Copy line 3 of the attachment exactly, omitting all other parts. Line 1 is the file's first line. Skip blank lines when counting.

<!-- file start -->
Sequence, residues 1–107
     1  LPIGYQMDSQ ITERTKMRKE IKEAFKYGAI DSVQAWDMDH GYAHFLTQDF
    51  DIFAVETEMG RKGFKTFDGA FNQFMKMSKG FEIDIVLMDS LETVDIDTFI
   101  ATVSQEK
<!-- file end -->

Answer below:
    51  DIFAVETEMG RKGFKTFDGA FNQFMKMSKG FEIDIVLMDS LETVDIDTFI